Evaluation of the integrated multi-satellite retrievals for global precipitation measurement over the Tibetan Plateau
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The availability of high-resolution satellite precipitation measurement products provides an opportunity to monitor precipitation over large and complex terrain and thus accurately evaluate the climatic, hydrological and ecological conditions in those regions. The Global Precipitation Measurement (GPM) mission is an important new program designed for global satellite precipitation estimation, but little information has been reported on the applicability of the GPM’s products for the Tibetan Plateau (TP). The object of this study is to evaluate the accuracy of the Integrated Multi-Satellite Retrievals for GPM (IMERG) Final Run product under different terrain and climate conditions over the TP by using 78 ground gauges from April 2014 to December 2017. The results showed the following: (1) the 3-year average daily precipitation estimation in the IMERG agrees well with the rain gauge observations (R2=0.58, P<0.01), and IMERG also has a considerable ability to detect precipitation, as indicated by a high probability of detection (78%–98%) and critical success index (65%–85%); (2) IMERG performed better at altitudes from 3000 m to 4000 m with a small relative bias (RB) of 6.4%. Precipitation change was not significantly affected by local relief; (3) the climate system of the TP was divided into four climate groups with a total of 12 climate types based on the Köppen climate classification system, and IMERG performed well in all climate types with the exception of the arid-desert-cold climate (Bwk) type. Furthermore, although IMERG showed the potential to detect snowfall, it still exhibits deficiencies in identifying light and moderate snow. These results indicate that IMERG could provide more accurate precipitation data if its retrieval algorithm was improved for complex terrain and arid regions.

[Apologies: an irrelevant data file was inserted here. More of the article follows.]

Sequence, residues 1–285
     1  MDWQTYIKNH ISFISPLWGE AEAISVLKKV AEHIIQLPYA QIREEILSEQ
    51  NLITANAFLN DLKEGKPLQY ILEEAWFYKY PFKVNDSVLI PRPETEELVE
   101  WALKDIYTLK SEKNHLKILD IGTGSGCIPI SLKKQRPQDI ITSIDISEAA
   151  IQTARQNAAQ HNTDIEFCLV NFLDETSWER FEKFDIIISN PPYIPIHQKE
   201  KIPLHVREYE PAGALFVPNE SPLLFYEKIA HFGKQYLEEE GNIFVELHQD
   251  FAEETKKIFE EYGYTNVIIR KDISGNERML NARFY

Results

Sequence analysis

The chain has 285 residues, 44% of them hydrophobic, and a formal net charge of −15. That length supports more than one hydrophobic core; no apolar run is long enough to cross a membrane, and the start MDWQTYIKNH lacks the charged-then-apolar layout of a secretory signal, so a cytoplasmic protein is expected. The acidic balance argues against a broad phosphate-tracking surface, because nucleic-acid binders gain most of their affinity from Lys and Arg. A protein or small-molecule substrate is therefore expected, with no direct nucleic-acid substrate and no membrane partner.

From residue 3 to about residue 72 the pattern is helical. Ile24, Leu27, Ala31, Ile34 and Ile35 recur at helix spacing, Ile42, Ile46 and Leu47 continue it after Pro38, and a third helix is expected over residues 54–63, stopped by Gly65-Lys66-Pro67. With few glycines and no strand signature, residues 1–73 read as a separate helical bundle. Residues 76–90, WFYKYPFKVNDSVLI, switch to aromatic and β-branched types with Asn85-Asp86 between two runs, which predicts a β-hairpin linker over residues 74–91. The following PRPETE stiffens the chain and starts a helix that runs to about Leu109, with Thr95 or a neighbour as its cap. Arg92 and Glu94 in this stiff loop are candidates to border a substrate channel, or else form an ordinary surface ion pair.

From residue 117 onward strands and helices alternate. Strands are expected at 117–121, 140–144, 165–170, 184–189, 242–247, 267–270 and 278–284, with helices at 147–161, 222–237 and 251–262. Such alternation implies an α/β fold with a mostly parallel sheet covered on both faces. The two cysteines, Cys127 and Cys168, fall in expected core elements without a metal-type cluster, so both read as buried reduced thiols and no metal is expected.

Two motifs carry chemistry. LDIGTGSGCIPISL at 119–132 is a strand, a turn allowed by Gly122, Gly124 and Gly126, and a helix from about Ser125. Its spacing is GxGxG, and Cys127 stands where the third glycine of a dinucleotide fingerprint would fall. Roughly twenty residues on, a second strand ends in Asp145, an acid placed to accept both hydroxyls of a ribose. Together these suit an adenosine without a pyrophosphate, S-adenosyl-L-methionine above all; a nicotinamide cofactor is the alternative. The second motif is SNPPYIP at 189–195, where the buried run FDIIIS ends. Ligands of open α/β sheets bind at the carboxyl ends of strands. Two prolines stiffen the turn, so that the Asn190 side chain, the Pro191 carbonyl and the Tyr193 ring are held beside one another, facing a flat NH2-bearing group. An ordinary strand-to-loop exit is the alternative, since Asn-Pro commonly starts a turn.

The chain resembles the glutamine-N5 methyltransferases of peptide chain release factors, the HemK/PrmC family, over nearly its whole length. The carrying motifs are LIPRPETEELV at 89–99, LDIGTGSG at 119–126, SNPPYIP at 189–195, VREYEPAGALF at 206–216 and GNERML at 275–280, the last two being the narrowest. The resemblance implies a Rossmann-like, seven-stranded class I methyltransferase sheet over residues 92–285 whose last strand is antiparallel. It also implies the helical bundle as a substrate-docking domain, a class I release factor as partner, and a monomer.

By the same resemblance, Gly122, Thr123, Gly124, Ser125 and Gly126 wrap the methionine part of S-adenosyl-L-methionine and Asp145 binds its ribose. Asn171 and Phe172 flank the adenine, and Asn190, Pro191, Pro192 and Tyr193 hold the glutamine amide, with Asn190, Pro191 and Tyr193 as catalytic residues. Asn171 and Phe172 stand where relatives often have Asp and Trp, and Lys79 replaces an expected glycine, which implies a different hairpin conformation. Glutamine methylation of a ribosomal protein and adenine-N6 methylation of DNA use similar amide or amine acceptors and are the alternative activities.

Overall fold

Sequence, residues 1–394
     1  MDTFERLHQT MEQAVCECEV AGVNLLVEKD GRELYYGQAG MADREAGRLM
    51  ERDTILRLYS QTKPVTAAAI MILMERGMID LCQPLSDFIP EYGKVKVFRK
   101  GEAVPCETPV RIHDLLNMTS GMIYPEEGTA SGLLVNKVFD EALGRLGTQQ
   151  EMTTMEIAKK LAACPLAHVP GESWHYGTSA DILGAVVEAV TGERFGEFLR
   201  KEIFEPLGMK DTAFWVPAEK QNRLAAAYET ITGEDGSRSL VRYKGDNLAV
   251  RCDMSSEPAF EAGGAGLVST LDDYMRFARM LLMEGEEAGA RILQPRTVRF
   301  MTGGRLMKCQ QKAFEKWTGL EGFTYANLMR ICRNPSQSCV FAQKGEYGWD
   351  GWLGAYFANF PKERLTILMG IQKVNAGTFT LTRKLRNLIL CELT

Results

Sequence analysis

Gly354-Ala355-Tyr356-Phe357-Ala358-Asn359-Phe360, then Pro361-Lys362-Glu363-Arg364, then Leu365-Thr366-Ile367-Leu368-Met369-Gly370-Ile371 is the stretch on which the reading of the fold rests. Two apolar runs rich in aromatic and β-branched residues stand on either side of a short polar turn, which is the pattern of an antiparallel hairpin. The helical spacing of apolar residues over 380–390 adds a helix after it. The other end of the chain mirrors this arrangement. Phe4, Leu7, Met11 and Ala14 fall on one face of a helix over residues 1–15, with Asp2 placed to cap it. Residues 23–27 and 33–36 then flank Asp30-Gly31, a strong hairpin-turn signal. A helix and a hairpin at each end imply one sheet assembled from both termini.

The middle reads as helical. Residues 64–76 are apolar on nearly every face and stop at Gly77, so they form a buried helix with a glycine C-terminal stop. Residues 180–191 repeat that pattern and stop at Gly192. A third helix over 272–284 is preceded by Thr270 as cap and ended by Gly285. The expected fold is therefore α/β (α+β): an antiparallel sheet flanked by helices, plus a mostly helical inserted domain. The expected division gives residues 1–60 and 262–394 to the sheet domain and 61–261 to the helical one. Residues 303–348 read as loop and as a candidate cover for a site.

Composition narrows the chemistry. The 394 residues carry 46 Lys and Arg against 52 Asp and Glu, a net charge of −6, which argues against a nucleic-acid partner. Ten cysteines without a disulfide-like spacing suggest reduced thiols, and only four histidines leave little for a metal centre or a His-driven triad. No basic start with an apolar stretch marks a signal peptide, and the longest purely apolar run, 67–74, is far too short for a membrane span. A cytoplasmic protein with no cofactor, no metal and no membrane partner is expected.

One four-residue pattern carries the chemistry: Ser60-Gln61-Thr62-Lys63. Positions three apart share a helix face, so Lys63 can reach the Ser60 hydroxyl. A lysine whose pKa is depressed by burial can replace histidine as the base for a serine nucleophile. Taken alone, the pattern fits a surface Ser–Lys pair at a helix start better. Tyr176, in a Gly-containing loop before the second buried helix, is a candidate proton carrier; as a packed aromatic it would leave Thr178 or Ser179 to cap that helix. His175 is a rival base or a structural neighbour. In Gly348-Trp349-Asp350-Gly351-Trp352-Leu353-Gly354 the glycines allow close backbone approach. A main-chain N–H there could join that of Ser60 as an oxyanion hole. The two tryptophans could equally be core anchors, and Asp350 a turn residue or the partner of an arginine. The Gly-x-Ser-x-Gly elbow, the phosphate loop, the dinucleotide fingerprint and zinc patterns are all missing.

KeywordsGPM IMERG Rain gauge Topography Köppen climate classification Tibetan Plateau
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This research is supported by the Chinese Academy of Sciences (KJZD-EW-G03-02), the National Natural Science Foundation of China (41705139), the Youth Science Fund of China (41401085), and the project of the State Key Laboratory of Cryosphere Science (SKLCS-ZZ-2017).
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